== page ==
I've personally seen pedigreed stud horses sell in the $40,000 to $60,000 range. And with that said, I've also seen well-trained ponies sell for as high as $14,000.

I don't know where else in the United States you can see this plethora of livestock ~ both cattle and horse ~ and bring this amount of consignors, buyers, prices in one place. If you know, please tell me!! I doubt I will move my office there. But in the meantime, if you want to find me in the Lamp Public Relations & Marketing office, just come to Billings Livestock Commission ~ the most successful combined cattle and horse sale barn in the United States.

And when you might just smell like a "sale barn" too!!

 I sure hope you don't mind the smell of success!!

Thursday, March 8, 2012

A Salute to "Agvocates"! Meet My Friends!

My life revolves around agriculture. Always has! Always will! Yours does too, whether you think you're directly involved in crop or livestock production or not. If you eat food, you have a connection to agriculture. Today, as we celebrate National Agriculture Day, I'm reminded of my journey and dedicate this blog to recognize and salute some of the "agvocates" I have had the distinct pleasure of connecting with through social media or meeting in person and learning from these past few years! I "tip my hat" to them and the tireless hours, energy and resources they put into bringing awareness and understanding to the agricultural industry.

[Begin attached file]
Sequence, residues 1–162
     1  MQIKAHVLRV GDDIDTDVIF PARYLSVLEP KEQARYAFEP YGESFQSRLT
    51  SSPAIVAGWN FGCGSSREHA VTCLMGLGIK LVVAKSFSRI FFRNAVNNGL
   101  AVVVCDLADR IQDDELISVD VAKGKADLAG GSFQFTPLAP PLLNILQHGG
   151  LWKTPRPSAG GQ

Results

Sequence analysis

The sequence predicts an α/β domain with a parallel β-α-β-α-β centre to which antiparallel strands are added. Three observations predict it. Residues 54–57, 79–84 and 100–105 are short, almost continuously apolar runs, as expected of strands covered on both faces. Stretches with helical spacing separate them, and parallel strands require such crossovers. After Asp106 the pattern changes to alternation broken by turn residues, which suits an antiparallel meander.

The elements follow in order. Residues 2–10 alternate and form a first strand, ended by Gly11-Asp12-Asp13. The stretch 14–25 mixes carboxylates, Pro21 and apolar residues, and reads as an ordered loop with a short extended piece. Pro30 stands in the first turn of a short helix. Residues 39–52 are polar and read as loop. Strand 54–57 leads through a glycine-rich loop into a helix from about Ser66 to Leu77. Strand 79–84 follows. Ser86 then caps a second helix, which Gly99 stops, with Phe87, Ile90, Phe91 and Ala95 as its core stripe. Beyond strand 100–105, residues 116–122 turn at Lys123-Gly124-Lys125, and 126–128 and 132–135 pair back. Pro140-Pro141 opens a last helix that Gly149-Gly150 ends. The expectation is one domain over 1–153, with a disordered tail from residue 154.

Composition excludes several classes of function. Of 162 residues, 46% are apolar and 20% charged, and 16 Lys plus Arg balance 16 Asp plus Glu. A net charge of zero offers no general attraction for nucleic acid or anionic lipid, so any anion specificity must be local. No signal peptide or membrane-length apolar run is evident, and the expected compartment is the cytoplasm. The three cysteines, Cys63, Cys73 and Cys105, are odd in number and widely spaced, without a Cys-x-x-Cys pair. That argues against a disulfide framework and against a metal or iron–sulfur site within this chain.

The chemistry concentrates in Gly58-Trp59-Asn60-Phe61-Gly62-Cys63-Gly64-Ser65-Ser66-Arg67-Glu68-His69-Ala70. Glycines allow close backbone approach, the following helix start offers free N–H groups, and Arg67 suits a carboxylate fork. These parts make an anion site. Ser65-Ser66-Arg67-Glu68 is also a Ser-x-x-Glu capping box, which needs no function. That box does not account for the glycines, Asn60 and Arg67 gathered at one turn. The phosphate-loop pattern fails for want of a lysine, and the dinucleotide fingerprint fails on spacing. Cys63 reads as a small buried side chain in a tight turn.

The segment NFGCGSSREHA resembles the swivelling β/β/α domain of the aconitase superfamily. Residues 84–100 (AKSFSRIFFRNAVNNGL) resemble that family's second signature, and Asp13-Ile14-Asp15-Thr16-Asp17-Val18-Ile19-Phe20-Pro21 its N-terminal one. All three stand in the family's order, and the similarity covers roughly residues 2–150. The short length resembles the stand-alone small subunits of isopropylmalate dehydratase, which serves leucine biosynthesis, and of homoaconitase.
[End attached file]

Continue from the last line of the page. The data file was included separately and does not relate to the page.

The Journey
Up until my advanced reporting class at the University of Nebraska-Lincoln with my fellow journalism students, I only had an slight indication of my desire to become an agricultural journalist. Had it not been for every one of my J-School classmates rejecting the "Ag" beat, I may not have ever started writing for agriculture or started my own public relations and marketing business in June 2009. My passion then and now continues to be perpetuating, portraying and "agvocating" every and all positive aspects of what our American farmers and ranchers do.

It all started with social media. After jumping into Facebook and connecting with other "agvocates" I attended my first Montana Agri-Women meeting May 2010. I became a member that night when I heard, "Montana Agri-Women are a force for truth!"